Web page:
I recently had a chance to interview Bert Dodson (by email), Democrat running for the Senate in the newly-formed 22nd District. He is a businessman from Lynchburg, and has served on the City Council. Here then are the questions I asked and answers from Mr. Dodson. My questions are in italics, his answer has his initial beside it.
MB: How would you translate your extensive business experience to results in solving Virginia’s continuing fiscal difficulties?
BD: Being a business owner will give me a unique perspective in the State Senate. I understand the implications that laws, taxes, and regulations have on business and how beneficial or harmful they actually are. I can find a balance between creating a climate that will attract business and one that protects the natural ecology and beauty of our state.
What would be your number one priority in helping solve the Commonwealth’s transportation problems?
BD: My number one priority in solving our transportation problems will be to create bipartisan support. Until both sides are willing to sit down and discuss solutions, a comprehensive long-term transportation plan will not be achievable.
If you had to pick one challenge in Virginia in terms of governance, which would you choose to work on first after taking office?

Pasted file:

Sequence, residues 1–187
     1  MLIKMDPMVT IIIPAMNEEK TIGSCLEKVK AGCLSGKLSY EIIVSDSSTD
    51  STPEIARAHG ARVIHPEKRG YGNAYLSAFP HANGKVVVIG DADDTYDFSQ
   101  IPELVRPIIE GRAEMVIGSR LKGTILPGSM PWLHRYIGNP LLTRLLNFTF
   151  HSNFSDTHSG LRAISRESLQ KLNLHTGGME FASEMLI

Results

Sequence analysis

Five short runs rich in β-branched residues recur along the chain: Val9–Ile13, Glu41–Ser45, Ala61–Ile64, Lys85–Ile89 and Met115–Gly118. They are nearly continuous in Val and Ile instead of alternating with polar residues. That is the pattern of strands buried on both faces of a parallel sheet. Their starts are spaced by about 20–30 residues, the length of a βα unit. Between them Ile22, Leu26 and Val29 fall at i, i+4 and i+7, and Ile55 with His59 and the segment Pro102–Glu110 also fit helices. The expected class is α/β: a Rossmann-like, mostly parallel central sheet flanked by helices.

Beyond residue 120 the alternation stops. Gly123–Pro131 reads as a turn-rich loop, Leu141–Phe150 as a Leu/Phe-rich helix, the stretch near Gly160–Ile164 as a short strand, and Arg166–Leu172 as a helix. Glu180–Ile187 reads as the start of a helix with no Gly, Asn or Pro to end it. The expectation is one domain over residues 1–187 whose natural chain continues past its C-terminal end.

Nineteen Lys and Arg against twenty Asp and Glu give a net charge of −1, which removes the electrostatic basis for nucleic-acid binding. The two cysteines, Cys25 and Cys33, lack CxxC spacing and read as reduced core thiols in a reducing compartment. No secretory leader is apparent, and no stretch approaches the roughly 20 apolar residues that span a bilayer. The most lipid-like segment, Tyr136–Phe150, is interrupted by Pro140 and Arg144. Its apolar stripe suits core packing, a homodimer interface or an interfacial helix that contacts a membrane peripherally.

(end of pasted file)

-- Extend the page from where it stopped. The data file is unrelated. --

BD: I would support legislation or a constitutional amendment to establish a nonpartisan redistricting process. Worthy of consideration is the creation of an independent and bipartisan commission that would recommend compact and contiguous districts. I believe that there is significant momentum for nonpartisan redistricting, and I hope it would be considered seriously during next year’s General Assembly session.
Finally, briefly, what steps would you advocate in order to address the growing difficulties with education at every level in the Commonwealth?
BD: Education is the foundation of our society. If we want to stay competitive as a Commonwealth, we need to invest in the education of our children and grandchildren. K-12 teachers should be paid a competitive wage that will attract the best and brightest into that profession. Old and outdated k-12 schools should be renovated so the children who attend those schools are not at a disadvantage. Steps need to be taken to prevent college tuition from spiking year after year. College should be made more affordable for those who cannot afford it. Community college and trade schools should be readily available for high school graduates and unemployed entering workforce-retraining programs.
Thank you Mr. Dodson, for your time.